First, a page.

Police investigating the death of Prince reportedly found opioid medication on his person.
On April 26, a Minneapolis, Minnesota, law enforcement official told CNN that authorities discovered the pills, which are commonly used to treat pain. According to the official, the DEA was brought in to help with the investigation due to the drugs found on Prince's person and in his home.
The official also revealed that Prince's unscheduled landing of his private plane just days before his death — and the hospitalization that followed — was likely the result of a reaction to the meds.
Reports have circulated that Prince was given a "save shot" upon arriving at the hospital once his plane made the emergency landing — which meant he likely overdosed. However, these reports remain unconfirmed.
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Attorney Mike Padden, who represented Prince’s late stepbrother, Duane Nelson, and half-sister, Lorna Nelson, told the Minneapolis Star Tribune that the singer had a long-standing drug problem.
"Lorna told me that her brother would die young … before his time and of a heart attack," Padden said.
Since both Duane and Lorna are deceased, the validity of Padden's claims remains in question.
An autopsy was recently completed, though authorities are still awaiting results from it as well as toxicology results, CNN notes. The investigation and final cause of death will reportedly take weeks to complete.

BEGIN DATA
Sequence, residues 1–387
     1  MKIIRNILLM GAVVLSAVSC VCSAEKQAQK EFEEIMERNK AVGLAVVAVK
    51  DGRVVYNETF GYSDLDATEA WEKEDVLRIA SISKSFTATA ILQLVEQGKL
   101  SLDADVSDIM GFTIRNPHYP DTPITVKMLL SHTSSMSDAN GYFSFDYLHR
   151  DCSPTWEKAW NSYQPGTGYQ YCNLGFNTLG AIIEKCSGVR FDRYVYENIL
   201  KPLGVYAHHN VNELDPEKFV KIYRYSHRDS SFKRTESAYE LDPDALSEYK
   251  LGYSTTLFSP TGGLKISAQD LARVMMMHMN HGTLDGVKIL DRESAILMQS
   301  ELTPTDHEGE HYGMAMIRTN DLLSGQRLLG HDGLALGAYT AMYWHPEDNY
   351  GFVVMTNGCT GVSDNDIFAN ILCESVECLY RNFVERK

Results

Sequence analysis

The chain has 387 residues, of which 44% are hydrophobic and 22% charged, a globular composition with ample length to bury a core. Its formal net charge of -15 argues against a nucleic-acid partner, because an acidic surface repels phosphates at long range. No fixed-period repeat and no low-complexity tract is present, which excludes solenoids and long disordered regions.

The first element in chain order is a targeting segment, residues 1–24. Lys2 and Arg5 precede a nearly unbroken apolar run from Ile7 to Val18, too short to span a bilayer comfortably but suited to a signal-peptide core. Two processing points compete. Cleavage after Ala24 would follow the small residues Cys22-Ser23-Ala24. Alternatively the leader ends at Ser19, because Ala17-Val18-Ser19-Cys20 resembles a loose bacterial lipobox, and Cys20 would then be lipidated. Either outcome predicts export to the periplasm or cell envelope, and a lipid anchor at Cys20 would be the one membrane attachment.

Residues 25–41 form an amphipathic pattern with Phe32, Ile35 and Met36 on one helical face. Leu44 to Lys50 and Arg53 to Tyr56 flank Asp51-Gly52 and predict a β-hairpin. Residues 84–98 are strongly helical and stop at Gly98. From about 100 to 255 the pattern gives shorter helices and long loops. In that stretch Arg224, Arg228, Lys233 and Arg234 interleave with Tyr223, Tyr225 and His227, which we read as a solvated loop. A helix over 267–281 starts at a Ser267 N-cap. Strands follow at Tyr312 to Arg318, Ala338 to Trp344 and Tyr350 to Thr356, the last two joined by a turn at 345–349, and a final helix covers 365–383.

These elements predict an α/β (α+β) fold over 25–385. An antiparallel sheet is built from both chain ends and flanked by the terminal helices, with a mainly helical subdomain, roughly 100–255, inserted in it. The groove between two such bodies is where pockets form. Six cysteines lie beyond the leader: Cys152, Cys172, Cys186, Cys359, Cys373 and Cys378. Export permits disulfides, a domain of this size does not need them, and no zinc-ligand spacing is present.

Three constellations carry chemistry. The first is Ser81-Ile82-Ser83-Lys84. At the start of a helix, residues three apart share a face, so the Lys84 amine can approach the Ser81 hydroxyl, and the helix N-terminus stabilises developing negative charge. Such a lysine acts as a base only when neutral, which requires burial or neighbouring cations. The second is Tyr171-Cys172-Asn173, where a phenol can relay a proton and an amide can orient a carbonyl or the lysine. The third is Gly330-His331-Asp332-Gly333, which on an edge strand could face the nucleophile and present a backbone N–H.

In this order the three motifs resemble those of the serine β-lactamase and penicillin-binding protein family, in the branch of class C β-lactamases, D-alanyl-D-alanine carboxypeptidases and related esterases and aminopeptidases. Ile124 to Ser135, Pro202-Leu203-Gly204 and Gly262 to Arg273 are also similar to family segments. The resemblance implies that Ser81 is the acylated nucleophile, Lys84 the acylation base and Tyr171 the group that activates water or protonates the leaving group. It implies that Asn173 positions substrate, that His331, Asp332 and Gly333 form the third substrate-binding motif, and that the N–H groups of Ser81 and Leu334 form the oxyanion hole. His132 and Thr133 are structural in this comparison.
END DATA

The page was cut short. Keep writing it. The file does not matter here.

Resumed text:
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Prince, 57, was found dead in an elevator at his Paisley Park estate on April 21, and he was last seen alive the night before at around 8 p.m., when he was dropped off at home. At the time of his death, he was alone at the compound. Officials said it wasn’t unusual for him to be alone given his private nature.
TMZ reported that Prince made four trips to a Walgreens pharmacy in the week prior to his death. Police are allegedly investigating the purchases to determine who prescribed him the drug, as well as who filled the prescriptions and under what circumstances they were given to him.
Prince’s estate is set to be temporarily handed over to a trust company, after a judge ruled that an emergency appointment was necessary because the singer didn’t have a will, the Associated Press notes. The company, Bremer Trust, will have the authority to supervise the singer’s assets and identify heirs to his multi million-dollar fortune.